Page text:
Polar & Climate Change Research

Dartmouth faculty and students are involved in diverse and interdisciplinary research in Polar Environmental Change. A number of graduate students are working on research related to Greenland. 


Graduate students engineering, earth sciences, and ecology work at Summit Station on the Greenland Ice Sheet. 


Diane Wise did research on the pros and cons of tourism to Antarctica. 


Greenland has provided a wealth of research opportunities for interdisciplinary research.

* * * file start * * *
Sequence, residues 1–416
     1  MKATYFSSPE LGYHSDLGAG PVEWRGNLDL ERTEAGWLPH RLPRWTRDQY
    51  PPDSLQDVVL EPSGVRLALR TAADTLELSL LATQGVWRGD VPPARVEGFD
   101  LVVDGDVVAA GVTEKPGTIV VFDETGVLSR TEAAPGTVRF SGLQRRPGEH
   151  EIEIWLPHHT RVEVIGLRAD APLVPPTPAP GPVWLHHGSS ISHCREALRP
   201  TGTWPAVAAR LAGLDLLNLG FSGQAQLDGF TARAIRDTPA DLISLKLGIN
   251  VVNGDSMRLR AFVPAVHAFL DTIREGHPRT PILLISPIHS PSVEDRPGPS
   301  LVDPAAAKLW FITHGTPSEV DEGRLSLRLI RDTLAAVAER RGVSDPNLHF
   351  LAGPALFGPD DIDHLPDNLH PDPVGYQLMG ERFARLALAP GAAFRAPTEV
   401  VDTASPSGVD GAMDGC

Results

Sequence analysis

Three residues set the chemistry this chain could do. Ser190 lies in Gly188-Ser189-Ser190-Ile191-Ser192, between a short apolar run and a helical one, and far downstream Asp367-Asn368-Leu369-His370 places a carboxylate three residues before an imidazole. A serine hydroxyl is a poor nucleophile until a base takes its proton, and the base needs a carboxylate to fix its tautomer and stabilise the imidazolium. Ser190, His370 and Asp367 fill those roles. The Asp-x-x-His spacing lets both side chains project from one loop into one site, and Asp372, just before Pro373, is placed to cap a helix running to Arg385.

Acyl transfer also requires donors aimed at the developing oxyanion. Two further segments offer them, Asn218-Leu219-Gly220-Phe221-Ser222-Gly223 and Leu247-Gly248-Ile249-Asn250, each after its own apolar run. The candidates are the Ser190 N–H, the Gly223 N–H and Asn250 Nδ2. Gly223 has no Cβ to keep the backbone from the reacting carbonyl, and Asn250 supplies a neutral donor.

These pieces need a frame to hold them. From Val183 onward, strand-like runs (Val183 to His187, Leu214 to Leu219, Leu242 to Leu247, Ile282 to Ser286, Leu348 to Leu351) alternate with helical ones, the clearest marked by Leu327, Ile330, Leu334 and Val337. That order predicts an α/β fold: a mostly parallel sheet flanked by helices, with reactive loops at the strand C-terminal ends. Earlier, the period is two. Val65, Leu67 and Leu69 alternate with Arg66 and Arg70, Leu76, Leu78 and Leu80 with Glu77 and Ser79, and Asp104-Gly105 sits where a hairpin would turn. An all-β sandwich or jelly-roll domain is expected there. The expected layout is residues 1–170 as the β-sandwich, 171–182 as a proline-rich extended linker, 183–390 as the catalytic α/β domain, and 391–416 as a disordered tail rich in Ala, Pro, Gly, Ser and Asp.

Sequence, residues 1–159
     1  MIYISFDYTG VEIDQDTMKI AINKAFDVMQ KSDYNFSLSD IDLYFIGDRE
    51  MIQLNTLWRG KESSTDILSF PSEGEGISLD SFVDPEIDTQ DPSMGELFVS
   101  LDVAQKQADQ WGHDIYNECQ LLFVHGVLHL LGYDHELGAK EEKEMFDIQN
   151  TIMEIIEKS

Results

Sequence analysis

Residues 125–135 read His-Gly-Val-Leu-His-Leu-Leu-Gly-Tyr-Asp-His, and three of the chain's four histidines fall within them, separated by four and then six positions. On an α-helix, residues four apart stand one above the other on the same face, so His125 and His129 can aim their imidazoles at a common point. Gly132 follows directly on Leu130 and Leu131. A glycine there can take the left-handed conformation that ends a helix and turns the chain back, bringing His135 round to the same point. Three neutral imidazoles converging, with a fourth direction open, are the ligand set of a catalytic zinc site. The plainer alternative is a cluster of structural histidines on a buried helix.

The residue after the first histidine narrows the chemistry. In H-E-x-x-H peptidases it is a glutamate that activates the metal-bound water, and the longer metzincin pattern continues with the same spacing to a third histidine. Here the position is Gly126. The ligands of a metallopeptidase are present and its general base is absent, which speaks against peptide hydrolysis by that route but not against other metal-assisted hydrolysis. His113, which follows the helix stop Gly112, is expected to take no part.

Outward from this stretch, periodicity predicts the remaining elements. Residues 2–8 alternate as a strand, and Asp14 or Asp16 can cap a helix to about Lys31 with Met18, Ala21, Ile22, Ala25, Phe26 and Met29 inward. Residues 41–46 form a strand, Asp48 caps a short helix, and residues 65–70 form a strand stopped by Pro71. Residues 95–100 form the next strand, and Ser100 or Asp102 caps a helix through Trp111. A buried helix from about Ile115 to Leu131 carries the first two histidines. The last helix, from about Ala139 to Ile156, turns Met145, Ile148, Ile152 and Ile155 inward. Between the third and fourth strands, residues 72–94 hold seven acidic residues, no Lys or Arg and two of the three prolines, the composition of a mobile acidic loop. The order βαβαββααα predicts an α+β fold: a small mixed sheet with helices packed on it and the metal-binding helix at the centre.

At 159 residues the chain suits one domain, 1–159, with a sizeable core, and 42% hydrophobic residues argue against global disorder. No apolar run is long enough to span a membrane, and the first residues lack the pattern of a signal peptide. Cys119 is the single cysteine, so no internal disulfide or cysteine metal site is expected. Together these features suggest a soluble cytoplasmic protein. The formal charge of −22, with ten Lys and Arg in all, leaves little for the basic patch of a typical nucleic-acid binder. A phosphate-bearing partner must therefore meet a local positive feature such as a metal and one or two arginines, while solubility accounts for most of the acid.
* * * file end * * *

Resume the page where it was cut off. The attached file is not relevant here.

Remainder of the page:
Dartmouth has forged a singular identity for combining its deep commitment to outstanding undergraduate and graduate education with distinguished research and scholarship. A new generation of faculty, undergraduate and graduate students are pursuing interdisciplinary collaboration and research as a pathway to understanding the environmental and human consequences of rapid environmental change in polar regions. 

A great resource for polar research is the Dartmouth Library system, where many resources are collected on the web page Polar Studies: A Research Guide. It lists many books, articles, maps, and more. 

The following are some of the areas in which faculty and graduate students affiliated with the Institute of Arctic Studies are studying the physical, chemical, biological, and human dimensions of polar regions. 

The John Sloan Dickey Center